3-Week Series: Double Blessing


Summary: Psalm 90 teaches us that we all have an expiration date. How then show we live in light of the short time we have?

What’s Your Expiration Date? Psalm 90

Pastor Jeff Williams


We all have an expiration date…

Before I came on staff at Pontiac Bible Church, many of you know that I worked at Salem Children’s Home. Salem has been serving children in Livingston County for over one hundred years. Several times a year we would clean out rooms that had not been touched in a long time. One afternoon, while I was off-campus, the students cleaned out an old pantry. When I returned, they were excited to tell me what they had found. Among the many “treasures” they discovered, there was a five-pound can of “Pork and Beans.” I asked if they had looked for an expiration date on the can and they said it was from the late 90s! I immediately asked where it was and was informed that Stan (not his real name) had eaten the whole can that afternoon! After talking to the nurse and observing Stan for a while, it became apparent that he was not going to die. Although, after spending the night with him, his roommate thought he would die if he did not move out!

Most of the products we buy have expiration dates. Anyone who has ever drank a glass of milk after the date on the container knows it is important to know what the date is. Did you know that we all have expiration dates? I have been told that it is actually written in small print in the middle of our backs. It can not be read in a mirror and no one else can read yours for you. There is a date that represents that time in history when you entered this world. Mine is July 31, 1968. I don’t remember that day very well, but my parents told me it was a blast. There is another date though, a date that will complete my tombstone. It will be my last day on this earth. It could be today, tomorrow, ten years from now, or with a lot of Botox, sixty years from now. I do not know my expiration date, but I know for sure it is coming.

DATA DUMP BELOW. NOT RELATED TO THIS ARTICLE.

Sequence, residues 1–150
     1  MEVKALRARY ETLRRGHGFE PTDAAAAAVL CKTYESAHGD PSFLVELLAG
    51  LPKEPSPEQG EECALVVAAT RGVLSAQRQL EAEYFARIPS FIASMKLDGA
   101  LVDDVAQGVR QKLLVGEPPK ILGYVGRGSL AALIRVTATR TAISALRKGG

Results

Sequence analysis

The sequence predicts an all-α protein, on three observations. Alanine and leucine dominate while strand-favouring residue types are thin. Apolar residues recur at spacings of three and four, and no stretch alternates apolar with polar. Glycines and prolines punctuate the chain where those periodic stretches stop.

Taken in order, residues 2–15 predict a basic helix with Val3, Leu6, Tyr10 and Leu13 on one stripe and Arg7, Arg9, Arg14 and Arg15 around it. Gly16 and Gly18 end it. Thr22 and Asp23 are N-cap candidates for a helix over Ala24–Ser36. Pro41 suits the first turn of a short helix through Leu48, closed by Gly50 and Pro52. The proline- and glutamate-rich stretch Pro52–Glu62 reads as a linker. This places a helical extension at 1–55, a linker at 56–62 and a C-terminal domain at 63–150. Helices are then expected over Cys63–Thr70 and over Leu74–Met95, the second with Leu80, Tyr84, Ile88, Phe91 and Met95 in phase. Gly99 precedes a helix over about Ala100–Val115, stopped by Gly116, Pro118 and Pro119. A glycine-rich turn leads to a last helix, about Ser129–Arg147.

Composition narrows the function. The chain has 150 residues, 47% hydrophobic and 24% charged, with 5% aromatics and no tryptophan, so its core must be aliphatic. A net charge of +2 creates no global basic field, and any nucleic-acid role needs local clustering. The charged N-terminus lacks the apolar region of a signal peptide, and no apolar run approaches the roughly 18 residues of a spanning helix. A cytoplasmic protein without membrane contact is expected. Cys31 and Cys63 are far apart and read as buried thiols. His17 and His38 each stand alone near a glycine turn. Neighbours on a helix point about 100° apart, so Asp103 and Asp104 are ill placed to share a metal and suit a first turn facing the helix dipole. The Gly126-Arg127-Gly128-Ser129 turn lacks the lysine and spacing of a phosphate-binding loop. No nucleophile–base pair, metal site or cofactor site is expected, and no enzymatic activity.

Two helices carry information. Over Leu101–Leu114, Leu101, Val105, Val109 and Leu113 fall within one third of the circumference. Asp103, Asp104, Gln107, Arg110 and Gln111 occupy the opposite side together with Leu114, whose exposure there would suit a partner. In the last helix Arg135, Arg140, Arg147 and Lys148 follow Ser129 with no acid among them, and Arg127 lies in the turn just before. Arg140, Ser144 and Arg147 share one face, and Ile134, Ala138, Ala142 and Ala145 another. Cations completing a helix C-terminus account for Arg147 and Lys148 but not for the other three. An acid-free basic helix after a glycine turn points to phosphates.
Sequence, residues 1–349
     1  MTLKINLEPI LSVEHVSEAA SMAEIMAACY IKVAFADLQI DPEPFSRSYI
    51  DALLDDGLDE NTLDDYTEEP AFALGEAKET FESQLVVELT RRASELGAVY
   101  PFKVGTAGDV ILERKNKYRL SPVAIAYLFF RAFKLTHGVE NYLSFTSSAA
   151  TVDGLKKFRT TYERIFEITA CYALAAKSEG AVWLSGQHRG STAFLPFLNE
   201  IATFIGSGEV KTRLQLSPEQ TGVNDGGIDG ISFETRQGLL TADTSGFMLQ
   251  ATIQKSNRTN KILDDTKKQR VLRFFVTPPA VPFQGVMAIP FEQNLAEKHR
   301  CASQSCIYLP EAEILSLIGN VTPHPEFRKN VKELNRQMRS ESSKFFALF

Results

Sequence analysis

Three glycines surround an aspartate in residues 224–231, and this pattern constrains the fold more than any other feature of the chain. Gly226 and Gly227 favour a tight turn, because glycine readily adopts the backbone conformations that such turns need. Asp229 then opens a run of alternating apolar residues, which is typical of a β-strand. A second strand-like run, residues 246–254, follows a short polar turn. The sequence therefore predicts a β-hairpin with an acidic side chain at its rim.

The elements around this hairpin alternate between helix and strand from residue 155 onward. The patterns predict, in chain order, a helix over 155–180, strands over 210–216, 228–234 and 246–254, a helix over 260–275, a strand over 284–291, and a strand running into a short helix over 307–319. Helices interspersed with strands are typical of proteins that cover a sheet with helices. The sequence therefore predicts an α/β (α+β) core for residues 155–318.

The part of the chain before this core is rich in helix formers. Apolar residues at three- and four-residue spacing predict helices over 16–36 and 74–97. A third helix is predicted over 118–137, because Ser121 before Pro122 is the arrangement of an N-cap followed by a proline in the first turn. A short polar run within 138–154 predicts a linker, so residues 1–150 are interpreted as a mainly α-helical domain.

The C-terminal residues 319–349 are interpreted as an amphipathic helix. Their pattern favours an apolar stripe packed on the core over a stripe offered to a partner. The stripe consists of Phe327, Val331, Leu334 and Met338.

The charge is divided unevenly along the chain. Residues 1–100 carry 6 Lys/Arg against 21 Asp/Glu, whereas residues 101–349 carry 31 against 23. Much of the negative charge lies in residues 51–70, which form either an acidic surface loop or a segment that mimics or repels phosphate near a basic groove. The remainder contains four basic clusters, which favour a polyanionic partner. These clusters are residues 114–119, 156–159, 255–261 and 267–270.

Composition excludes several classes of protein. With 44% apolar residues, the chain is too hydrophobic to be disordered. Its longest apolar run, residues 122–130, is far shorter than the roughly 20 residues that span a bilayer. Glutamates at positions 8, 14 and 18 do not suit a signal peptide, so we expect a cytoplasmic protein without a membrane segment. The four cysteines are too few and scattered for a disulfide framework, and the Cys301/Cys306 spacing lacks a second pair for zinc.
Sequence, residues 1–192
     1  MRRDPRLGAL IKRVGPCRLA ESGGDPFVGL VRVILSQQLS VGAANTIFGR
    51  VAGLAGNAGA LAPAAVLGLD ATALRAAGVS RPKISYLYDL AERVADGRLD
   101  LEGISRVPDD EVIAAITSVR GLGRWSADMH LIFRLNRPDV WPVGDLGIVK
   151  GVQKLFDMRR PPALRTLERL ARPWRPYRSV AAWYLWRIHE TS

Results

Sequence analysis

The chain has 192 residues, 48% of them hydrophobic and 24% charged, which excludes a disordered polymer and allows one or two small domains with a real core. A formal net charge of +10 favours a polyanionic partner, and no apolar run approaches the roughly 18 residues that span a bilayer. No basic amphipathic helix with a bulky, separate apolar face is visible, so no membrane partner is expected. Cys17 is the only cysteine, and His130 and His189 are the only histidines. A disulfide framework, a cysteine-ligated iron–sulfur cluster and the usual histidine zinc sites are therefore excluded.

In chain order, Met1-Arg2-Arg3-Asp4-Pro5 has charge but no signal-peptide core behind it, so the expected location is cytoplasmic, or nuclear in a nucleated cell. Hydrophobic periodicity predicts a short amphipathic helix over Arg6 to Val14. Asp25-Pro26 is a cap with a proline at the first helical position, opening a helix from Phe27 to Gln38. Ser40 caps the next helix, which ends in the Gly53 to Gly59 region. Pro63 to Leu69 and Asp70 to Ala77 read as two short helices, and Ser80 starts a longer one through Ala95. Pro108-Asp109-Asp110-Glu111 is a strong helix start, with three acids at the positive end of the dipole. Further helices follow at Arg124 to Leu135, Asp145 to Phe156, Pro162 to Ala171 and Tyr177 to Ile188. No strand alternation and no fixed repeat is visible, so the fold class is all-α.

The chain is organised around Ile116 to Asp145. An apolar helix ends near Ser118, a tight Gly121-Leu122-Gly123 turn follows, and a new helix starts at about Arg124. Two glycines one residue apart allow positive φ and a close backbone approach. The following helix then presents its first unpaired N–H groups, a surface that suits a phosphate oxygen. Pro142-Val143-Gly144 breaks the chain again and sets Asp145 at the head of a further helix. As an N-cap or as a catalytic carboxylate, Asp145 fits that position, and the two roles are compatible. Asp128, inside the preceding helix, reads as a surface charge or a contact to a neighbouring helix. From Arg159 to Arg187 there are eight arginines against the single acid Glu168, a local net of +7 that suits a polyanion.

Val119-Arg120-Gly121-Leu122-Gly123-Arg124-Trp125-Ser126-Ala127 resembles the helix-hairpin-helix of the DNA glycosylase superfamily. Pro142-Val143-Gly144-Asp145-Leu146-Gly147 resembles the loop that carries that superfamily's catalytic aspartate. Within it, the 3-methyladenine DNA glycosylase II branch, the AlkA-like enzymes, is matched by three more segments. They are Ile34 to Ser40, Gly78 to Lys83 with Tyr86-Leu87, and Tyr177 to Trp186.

Solomon said there is “a time for everything, and a season for every activity under heaven: a time to be born and a time to die.” (Ecclesiastes 3:1-2)

If it is true that everyone of has an expiration date, and equally true that we do not know when that date is, how should we approach the remaining time God has given us? That is what our topic is this morning.

Turn with me to Psalm 90. Please stand for the reading of God’s Word.

A Psalm of Sadness

Psalm 90 was written by Moses. It is by far the oldest Psalm in the Bible and, some would say, one of the oldest examples of Hebrew poetry in the history of the world. It was written during a very bleak time in Hebrew history. Moses was commissioned by God to lead the Israelites out of Egyptian bondage. After the miraculous escape through the Red Sea, Moses leads them toward the Promised Land, a land flowing with milk and honey. (Read Exodus 14) It was at a place called Kadesh Barnea, a beautiful oasis, that Moses sent twelve spies into the land to check out the people. Ten of the spies came back shaking in their boots. They reported that the people were too big and too strong for the Israelites to try to attack. But two of them, Joshua and Caleb, encouraged the people. They knew God had promised them this land and they told the people to trust God and do what He had said to do. (See Numbers 13) God said, “Go!” and the people said “No!” The consequence for this disobedience was the death of an entire generation. The Hebrews wandered in the desert for thirty-eight years. Over those years, over one million people died. If you do the math, that comes to about eight-seven funerals a day. Moses was surrounded by death and despair. This man of God then took out his journal and began to pour out his prayer to the Lord.

Moses affirms that God is eternal, faithful, and completely holy. He then contrasts the eternal God with fragile mankind. Moses rightly describes the human race as finite, fickle, and unfaithful.

Isaac Taylor writes this summary of Psalm 90: “…it might be cited as …the most sublime of human compositions – the deepest in feeling – the loftiest in theological conception – the most magnificent in its imagery. True is it in its report of human life – as troubled, transitory, and sinful. True in its conception of the Eternal – the Sovereign and the Judge; and the refuge and hope of men…” (The Treasury of David, Charles Spurgeon)

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Maria Ross

commented on Jan 10, 2012


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